Engineers are building a prototype of a robotic factory that will create water, oxygen, and fuel on the surface of Mars. From a report: The year is 2038. After 18 months living and working on the surface of Mars, a crew of six explorers boards a deep-space transport rocket and leaves for Earth. No humans are staying behind, but work goes on without them: Autonomous robots will keep running a mining and chemical-synthesis plant they’d started years before this first crewed mission ever set foot on the planet. The plant produces water, oxygen, and rocket fuel using local resources, and it will methodically build up all the necessary supplies for the next Mars mission, set to arrive in another two years. This robot factory isn’t science fiction: It’s being developed jointly by multiple teams across NASA. One of them is the Swamp Works Lab at NASA’s John F. Kennedy Space Center, in Florida, where I am a team lead. Officially, it’s known as an in situ resource utilization (ISRU) system, but we like to call it a dust-to-thrust factory, because it turns simple dust into rocket fuel. This technology will one day allow humans to live and work on Mars — and return to Earth to tell the story. But why synthesize stuff on Mars instead of just shipping it there from Earth? NASA invokes the “gear-ratio problem.” By some estimates, to ship a single kilogram of fuel from Earth to Mars, today’s rockets need to burn 225 kilograms of fuel in transit — launching into low Earth orbit, shooting off toward Mars, slowing down to get into Mars orbit, and finally slowing to a safe landing on the surface of Mars. We’d start with 226 kg and end with 1 kg, which makes for a 226:1 gear ratio. And the ratio stays the same no matter what we ship. We would need 225 tons of fuel to send a ton of water, a ton of oxygen, or a ton of machinery. The only way to get around that harsh arithmetic is by making our water, oxygen, and fuel on-site. Different research and engineering groups at NASA have been working on different parts of this problem. More recently, our Swamp Works team began integrating many separate working modules in order to demonstrate the entire closed-loop system. It’s still just a prototype, but it shows all the pieces that are necessary to make our dust-to-thrust factory a reality. And although the long-term plan is going to Mars, as an intermediate step NASA is focusing its attention on the moon. Most of the equipment will be tried out and fine-tuned on the lunar surface first, helping to reduce the risk over sending it all straight to Mars.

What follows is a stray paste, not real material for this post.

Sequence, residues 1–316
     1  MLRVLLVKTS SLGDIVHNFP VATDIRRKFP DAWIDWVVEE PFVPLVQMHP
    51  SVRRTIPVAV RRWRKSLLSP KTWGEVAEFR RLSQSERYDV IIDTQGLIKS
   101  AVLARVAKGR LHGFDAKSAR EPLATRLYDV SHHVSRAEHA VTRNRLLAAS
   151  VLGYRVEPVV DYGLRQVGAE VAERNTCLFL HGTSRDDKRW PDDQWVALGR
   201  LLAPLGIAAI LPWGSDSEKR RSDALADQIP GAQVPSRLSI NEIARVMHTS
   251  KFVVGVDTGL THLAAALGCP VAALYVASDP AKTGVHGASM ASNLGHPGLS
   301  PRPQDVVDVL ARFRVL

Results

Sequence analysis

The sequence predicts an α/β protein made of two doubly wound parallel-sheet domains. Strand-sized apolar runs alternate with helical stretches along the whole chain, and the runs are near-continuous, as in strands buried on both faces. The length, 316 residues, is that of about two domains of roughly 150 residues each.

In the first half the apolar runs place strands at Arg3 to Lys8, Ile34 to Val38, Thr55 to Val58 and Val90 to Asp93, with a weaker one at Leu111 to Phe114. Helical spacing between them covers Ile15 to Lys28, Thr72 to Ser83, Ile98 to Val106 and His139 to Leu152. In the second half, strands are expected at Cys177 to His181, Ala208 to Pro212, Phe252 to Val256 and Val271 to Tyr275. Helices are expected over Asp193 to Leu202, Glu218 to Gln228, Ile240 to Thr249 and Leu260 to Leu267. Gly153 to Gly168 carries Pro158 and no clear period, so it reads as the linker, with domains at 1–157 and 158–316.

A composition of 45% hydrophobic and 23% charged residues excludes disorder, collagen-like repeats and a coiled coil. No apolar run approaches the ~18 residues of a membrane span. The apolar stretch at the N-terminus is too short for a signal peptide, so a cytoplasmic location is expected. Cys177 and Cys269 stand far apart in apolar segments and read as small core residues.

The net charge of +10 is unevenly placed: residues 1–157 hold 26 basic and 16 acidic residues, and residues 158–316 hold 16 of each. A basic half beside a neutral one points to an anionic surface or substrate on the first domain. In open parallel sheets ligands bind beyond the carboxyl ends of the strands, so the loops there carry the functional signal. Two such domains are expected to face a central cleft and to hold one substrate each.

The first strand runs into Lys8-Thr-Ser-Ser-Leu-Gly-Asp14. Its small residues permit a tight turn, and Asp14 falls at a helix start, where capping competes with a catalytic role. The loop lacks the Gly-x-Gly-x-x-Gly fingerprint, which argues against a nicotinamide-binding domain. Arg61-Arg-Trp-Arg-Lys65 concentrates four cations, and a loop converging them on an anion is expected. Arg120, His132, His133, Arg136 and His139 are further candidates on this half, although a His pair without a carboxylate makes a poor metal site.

of this story at Slashdot.